I awoke from a dream in which I dreamt in Spanish for the first time. I was at a post office — I think it was in a town in Mexico — trying to by stamps & I told the clerk, “Non parlo spanolo.” She corrected me & said, said, “Español.” So I responded, “No hablo español.” I then said, Hablo francés y alemán y un poco de italiano.” She gave me my stamps & gave me back my credit card. By that point, there was a big crowd of people behind me, so I just took my stamps & left. But it did strike me as rather remarkable that I spoke Spanish & did so for the first time, given that I’ve never studied the language formally, except for one or two informal tutoring sessions several years ago.
I dreamt two words in Italian in a long dream I awoke from this morning: ‘del bosco’ (of or from the forest)
I woke up from a dream in which I said, “beide deutsche Köpfe” (both German heads).
I woke up from a dream this morning in which I said ‘bemerkte,’ which means ‘noticed’ in German…
I woke up from a dream in which I dreamt the word ‘Eisenbaum’ without knowing that there is in fact a tree called ‘Ironwood’ — — a.k.a., ‘Persischer Eisenholzbaum’; there’s also a park in Germany with a tree literally made of iron, Der Eisenbaum Regionalpark RheinMain…
I awoke from a dream in which I said, “Es ist wie ein Tugendbund” in a conversation otherwise entirely in English. ‘Tugend’ means ‘virtue’ in German & ‘Bund’ literally means ‘bond,’ though it can more metaphorically mean a ‘fellowship’ of some sort, in which case ‘Tugendbund’ would mean a ‘fellowship of virtue.’ I read “Der Königssohn, der sich vor nichts fürchtet” (#121 from the Grimmsmärchen) and then re-read “The Council of Elrond” from “The Fellowship of the Ring” (which I’ve read countless times) just before going to bed; interesting that it’s the chapter in which the fellowship is established; it is in fact a kind of ‘Tugendbund.’
I woke up from a dream in which I sang, “Je suis encore sous étourdie,” though the line from Massenet’s opera “Manon” is actually “Je suis encore tout étourdie.”
I just woke up from a dream in which I said, “Es gibt alle bøker über svenska,” mixing in words from three different languages: the word for ‘books’ is ‘bøker’ is Norwegian, ‘Bücher’ in German and ‘böcker’ in Swedish. I was in a big rambling office building and a Swedish woman took me down into the basement where there was a little alcove filled with books in Swedish.
I woke up from a dream in which I said, “Die Unterstützung für die Alternative für Deutschland liegt in der ehemaligen DDR,” which was the beginning of an extended conversation in German.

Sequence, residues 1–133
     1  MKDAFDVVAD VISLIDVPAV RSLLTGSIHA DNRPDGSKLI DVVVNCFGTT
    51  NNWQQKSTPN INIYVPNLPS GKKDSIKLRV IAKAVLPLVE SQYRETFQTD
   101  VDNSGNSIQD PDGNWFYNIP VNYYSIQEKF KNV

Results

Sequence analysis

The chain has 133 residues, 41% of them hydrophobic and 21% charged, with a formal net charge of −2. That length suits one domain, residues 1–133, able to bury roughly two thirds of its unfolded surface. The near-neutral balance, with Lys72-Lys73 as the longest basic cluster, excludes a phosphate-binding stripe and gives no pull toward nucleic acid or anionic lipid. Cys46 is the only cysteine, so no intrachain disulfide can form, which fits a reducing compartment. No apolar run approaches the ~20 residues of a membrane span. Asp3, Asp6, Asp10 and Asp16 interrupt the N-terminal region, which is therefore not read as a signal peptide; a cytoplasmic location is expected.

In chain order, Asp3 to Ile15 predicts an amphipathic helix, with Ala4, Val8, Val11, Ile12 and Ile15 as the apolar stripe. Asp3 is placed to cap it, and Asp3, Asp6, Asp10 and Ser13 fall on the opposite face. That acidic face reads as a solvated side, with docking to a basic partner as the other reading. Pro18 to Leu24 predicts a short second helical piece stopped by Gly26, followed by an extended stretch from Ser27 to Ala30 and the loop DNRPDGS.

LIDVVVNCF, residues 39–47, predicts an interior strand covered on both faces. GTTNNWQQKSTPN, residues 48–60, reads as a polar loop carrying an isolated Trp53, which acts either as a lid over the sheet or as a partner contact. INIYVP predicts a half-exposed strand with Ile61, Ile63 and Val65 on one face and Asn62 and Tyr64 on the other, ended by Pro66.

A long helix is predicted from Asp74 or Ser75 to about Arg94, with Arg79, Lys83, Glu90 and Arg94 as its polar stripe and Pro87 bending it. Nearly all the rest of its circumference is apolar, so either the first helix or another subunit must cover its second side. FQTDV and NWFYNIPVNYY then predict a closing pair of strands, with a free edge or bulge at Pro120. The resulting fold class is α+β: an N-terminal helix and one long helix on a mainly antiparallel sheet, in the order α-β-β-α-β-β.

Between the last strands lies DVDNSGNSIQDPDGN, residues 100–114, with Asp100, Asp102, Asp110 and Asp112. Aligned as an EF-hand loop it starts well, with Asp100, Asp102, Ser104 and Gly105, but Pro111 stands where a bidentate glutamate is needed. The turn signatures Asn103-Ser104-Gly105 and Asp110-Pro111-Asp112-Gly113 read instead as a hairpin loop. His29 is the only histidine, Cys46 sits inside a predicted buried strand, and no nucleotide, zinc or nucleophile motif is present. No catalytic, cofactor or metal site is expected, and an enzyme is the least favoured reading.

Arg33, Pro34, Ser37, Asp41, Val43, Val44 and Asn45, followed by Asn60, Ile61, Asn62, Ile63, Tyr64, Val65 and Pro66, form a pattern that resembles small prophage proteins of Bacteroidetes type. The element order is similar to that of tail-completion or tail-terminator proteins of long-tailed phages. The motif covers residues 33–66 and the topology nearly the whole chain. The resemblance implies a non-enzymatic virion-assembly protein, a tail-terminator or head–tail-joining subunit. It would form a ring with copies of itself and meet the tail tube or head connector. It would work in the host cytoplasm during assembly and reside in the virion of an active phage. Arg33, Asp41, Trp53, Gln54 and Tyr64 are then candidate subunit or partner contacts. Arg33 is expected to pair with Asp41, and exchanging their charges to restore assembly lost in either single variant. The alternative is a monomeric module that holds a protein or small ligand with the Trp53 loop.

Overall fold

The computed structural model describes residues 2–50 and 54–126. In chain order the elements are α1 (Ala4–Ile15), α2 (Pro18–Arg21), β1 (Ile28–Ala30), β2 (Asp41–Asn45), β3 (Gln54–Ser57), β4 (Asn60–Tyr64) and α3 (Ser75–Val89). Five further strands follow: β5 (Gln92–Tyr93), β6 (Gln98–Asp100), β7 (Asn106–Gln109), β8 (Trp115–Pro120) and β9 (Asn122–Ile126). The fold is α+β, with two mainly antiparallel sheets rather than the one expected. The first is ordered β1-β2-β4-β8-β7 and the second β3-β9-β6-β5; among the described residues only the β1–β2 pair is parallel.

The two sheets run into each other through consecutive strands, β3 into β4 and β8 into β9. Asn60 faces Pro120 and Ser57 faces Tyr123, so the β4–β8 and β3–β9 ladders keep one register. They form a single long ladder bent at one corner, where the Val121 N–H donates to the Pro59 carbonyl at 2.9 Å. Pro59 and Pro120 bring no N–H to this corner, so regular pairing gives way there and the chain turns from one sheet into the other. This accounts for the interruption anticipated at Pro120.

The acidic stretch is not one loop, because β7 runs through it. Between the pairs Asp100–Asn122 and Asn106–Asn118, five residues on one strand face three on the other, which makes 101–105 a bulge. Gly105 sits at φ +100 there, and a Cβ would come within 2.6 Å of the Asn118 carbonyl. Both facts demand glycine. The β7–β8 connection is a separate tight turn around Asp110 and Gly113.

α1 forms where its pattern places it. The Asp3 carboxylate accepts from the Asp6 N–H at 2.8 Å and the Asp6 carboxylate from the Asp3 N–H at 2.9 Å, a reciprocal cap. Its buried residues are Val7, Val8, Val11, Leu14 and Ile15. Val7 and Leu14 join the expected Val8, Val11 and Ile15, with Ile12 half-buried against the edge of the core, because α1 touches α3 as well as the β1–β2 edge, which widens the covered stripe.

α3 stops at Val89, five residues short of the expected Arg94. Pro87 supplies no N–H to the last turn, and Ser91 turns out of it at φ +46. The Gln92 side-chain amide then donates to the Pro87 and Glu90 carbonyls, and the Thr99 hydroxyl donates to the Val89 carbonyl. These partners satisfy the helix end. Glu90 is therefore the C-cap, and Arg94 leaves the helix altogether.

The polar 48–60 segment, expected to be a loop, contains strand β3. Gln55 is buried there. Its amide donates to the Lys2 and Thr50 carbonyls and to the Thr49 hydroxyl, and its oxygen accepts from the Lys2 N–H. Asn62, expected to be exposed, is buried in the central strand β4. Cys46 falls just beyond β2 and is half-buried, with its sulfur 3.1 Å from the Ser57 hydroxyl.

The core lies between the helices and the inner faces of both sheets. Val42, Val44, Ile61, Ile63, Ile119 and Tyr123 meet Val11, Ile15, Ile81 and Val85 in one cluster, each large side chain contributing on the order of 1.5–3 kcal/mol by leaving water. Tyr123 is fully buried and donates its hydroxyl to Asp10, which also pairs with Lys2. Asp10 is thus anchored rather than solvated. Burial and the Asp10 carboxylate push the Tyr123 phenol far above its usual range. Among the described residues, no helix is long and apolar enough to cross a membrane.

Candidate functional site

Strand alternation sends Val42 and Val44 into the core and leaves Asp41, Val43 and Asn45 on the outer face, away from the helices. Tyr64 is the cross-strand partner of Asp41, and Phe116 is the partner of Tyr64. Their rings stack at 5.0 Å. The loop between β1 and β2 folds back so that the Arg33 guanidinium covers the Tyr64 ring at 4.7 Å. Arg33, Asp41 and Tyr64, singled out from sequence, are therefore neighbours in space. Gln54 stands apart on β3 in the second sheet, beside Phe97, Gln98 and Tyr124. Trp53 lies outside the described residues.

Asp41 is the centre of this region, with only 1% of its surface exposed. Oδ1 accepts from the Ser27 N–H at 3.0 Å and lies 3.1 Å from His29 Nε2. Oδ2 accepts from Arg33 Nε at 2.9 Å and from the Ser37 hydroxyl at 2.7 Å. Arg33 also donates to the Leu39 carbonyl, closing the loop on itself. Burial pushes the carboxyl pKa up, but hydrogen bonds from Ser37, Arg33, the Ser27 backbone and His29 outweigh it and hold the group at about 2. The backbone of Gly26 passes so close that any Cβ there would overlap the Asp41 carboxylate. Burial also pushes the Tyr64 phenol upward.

I had a dream in which the thought occurred to me that my grandmother’s expression ‘rutsing around’ probably came from the German verb ‘rutschen,’ meaning, to glide or slide (German was her Muttersprache)
I woke up from a dream in which I had an extended conversation in French. There were two men sitting on the couch in the political science department office at UIUC and one was a new member of the faculty who specialized in French politics and might potentially be a new member of my dissertation committee. I said, “J’ai déjà écrit trois ou quatre chapitres de ma thèse sur la structure et les processus de l’Union Euroéene. Vous pouvez lires ces chapitres et commenter…”
I woke up from a dream in which I said ‘unbekannte Sigelhofter’ but upon waking realized that the workd ‘Sigelhofter’ doesn’t exist in German.
I woke up from a dream this morning in which I’d gotten a a tiny little Yorkshire Terrier puppy & named him Bo Skovhus; I looked up his name & only then remembered that he’s a Danish opera singer (baritone); what’s most interesting is that ‘Bo’ as a word can mean ‘stay’ or ‘live’ in Danish (which I haven’t studied), Norwegian or Swedish (both of which I’ve studied) & ‘skovhus’ means ‘forest house.’ Before going to bed last night, I started to read one of the Grimms Märchen & I was struck by this passage in “Die beiden Wanderer” (The two travellers), which is not atypical for a Grimms fairy tale but is esp. poetic in its description of a forest: “In dem Wald war es so still wie in einer Kirche. Kein Wind wehte, kein Bach rauschte, kein Vogel sang, und durch die dichtbelaubten Äste drang kein Sonnenstrahl” (It was as quiet in the woods as in a church. No wind stirred, no brook murmured, no bird sang, and through the thickly-leaved branches no sunbeam forced its way); upon waking, it struck me that the ‘skov’ (‘skog’ in Swedish & Norwegian) might connect to the ‘Wald’ in the fairy tale, in which case, ‘Bo Skovhus’ could mean ‘living in a house in the forest,’ which is a romantic if not downright Romantic image; the Yorkshire Terrier is obviously an indication of my love of dogs & wish that I could have one…
I woke up from a dream in which I said ‘oficina’ (‘office’ in Spanish), which is odd, since I don’t speak Spanish and have never studied it.
I woke up from a dream in which I said, “lasch gewesen” (‘became stale’ in German).
I just dreamt four words (“En meny?” “Nei, takk.”) that are the same in Swedish & Norwegian (though spelled differently; in Swedish, it’s ‘nej tack’).
In the dream, I was in a Swedish restaurant (though it wasn’t clear whether it was in Sweden or not; it may have been in NYC or another American city); I’m with two friends but most of the people in the restaurant appear to be young children. The waitress comes up to me & asks in Swedish if I’d like a menu; I reply, “No, thanks,” which in Swedish is spelled ‘nej tack,’ but I picture it as ‘nei, takk,’ which is the Norwegian way of writing it.
I just woke up from a dream in which I told a friend, “Deine Macht ist sicher…”
I may have spoken an entire sentence Italian in a dream for the first time, saying “Tutto Siviglia conosco Bartolo; Il birbo Figaro vinto sarà!,” which I was thinkng was from “Il Barbiere di Siviglia” of Rossini; but it’s actually a line from Bartolo’s aria “La Vendetta” from “Le Nozze di Figaro” of Mozart & the correct line is, “Tutta Siviglia conosce Bartolo: Il birbo Figaro vinto sarà!”